With the violence seemingly uncontrollable, the soldiers withdrew for a time and partisans on both sides climbed onto the tanks and threw even more rocks. At first, the mostly younger regime opponents tried to stave off the intruders by forming human chains, but soon they too became increasingly violent. Instead of students, who had been at the forefront for much of the week, young people from the impoverished Cairo suburbs were suddenly on the front lines in the running battle against the Mubarak supporters. In a frenzy, they rushed forward while loudly shouting "God is great," hurled their rocks and ran back to collect new ammunition.
The regime opponents repeatedly dragged their wounded opponents across the square, shouting things like: "This is an undercover policeman." The suspicion alone was enough to prompt a small crowd of hate-filled people to gather around one wounded man, who was then brutally beaten. "He is like Mubarak. Now we will kill him," they shouted. In most cases, moderate protestors managed to prevent mob rule -- but it certainly seemed possible that some of the wounded may have been killed on side streets.
There seemed to be no end sight to the hatred and bloodthirsty clashes. The two fronts moved back and forth for hours. Security forces that had been called to the scene remained in position on a highway overpass behind the Egyptian Museum and on a Nile River bridge. A helicopter hovered constantly over the combat zone, where men, despite having lacerations covered with makeshift bandages, continued to rush at the opposing side, fueled by adrenalin. "We have suffered for 30 years, and now we're going to kill them," some on the side of the Mubarak opponents shouted. "They want to destroy what we have achieved with Mubarak," the president's supporters shouted back.
The regime opponents see the escalation of violence as a calculated move on the part of the president. They claim that with the organized mobilization of his supporters -- which, they say, include experienced provocateurs -- he was deliberately trying to provoke the murderous images of street fighting that were being broadcast around the world throughout the day. The clashes continued to flare up periodically at night amid the sounds of gunfire and exploding Molotov cocktails.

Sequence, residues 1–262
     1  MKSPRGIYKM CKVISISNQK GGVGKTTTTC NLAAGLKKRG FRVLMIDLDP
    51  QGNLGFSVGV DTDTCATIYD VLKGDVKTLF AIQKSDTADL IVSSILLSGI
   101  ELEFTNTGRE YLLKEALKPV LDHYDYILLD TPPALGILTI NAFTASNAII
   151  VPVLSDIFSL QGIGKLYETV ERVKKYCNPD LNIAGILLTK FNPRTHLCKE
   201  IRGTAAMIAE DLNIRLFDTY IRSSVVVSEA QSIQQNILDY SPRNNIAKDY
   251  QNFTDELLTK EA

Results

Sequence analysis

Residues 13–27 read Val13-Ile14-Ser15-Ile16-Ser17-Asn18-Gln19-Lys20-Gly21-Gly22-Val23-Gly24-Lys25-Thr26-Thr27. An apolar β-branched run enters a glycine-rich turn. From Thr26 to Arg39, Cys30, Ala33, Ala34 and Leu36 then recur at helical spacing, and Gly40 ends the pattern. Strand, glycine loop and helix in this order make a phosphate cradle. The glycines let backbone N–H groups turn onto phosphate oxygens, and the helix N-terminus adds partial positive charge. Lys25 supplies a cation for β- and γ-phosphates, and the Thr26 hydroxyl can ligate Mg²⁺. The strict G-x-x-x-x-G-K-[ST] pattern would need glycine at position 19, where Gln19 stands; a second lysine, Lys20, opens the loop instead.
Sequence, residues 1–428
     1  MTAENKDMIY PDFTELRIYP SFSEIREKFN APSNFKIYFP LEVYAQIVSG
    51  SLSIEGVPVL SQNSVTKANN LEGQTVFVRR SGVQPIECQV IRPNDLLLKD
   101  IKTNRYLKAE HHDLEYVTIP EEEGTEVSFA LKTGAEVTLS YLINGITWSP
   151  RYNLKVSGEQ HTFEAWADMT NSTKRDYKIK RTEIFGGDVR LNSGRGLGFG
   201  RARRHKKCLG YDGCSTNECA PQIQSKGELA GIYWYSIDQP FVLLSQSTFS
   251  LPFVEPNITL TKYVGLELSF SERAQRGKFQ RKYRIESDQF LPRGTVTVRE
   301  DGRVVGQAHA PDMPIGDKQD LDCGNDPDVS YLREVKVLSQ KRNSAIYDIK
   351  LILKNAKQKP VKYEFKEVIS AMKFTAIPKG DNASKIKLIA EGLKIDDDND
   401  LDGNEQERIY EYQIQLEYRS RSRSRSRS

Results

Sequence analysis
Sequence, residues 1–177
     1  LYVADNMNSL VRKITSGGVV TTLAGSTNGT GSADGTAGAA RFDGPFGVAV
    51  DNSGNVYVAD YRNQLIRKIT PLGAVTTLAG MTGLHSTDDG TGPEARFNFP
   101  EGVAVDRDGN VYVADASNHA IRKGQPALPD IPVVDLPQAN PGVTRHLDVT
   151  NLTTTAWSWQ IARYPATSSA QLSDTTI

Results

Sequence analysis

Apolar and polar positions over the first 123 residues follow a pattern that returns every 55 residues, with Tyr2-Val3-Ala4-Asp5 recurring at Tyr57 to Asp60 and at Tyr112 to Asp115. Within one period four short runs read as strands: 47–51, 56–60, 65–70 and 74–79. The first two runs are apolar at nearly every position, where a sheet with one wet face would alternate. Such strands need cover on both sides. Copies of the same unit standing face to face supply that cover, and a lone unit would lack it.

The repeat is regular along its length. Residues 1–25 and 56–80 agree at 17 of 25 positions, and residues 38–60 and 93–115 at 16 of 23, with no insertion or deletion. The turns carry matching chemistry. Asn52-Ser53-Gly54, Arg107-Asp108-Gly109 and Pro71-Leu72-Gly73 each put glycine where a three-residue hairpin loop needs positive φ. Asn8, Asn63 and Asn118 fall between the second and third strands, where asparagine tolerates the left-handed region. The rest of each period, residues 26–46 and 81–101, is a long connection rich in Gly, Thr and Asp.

Still, opposition groups must also regain control over their movement. As much as Egyptians suffered under the regime, the images of sheer hatred among the ranks of Mubarak opponents were equally repulsive.
These images suit the president's purposes all too well. In his speech following the massive protest on Tuesday, he made it clear that he -- and only he, as the commander of the hard-hitting police force and the merciless intelligence service -- could organize an orderly transition to a new government. After a day of civil-war-like images coming from their capital, his words may have impressed many Egyptians. Instead of pinning their hopes on open confrontation with Mubarak, many could opt for a compromise that guarantees the president an honorable exit -- but one which would also be a transition into a system in which his supporters could at least have a say.
If the opposition calls for another major protest in Cairo on Friday, it could prove to be more difficult to mobilize supporters than before. Besides, its leaders must now fear that the next demonstration could end in a bloodbath. This could discredit the protest movement, and Mubarak's ice-cold calculations could add up.
It is now clear that the faltering president will stop at nothing to get what he wants. He is even willing to take the risk that the mob will go on a rampage and plunder Cairo in the coming days. There are few recipes for peaceful resistance against a president who is willing to be this ruthless to secure his position of power, even for such a short time.